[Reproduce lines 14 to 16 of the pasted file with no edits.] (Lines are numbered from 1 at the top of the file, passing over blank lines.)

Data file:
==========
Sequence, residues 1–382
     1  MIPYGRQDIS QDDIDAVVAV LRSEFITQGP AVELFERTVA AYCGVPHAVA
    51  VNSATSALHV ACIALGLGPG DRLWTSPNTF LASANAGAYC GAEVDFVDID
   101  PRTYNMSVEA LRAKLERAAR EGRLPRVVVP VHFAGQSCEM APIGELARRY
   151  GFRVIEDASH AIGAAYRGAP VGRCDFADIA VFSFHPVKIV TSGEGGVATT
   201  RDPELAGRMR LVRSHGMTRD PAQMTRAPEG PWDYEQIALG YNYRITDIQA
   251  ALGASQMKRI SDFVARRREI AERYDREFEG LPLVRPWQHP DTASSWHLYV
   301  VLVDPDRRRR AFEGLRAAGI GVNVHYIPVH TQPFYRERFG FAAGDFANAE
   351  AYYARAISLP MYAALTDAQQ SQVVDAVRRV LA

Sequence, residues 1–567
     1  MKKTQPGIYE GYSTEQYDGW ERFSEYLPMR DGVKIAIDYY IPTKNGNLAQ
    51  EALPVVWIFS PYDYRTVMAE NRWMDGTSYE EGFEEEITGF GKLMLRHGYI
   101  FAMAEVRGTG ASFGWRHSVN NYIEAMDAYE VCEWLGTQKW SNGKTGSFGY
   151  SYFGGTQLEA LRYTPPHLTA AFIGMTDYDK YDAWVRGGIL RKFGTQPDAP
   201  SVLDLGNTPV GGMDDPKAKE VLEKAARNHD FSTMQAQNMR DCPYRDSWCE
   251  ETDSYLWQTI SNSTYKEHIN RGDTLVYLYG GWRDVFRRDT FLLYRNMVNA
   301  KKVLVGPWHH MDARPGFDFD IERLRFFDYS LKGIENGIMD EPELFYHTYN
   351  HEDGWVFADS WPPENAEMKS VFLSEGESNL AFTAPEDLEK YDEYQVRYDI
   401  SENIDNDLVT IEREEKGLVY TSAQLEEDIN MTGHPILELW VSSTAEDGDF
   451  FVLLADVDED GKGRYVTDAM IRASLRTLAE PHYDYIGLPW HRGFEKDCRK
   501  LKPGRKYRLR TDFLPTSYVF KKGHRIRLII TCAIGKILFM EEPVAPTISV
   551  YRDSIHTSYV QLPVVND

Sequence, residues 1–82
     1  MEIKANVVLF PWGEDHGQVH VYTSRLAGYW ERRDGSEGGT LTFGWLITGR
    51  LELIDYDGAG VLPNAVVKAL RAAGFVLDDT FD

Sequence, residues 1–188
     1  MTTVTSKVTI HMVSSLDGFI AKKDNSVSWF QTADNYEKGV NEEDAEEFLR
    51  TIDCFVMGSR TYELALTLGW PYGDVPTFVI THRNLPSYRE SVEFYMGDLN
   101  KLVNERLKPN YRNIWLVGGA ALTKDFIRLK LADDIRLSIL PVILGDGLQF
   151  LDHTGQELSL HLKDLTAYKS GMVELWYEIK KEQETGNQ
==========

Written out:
   151  SYFGGTQLEA LRYTPPHLTA AFIGMTDYDK YDAWVRGGIL RKFGTQPDAP
   201  SVLDLGNTPV GGMDDPKAKE VLEKAARNHD FSTMQAQNMR DCPYRDSWCE
   251  ETDSYLWQTI SNSTYKEHIN RGDTLVYLYG GWRDVFRRDT FLLYRNMVNA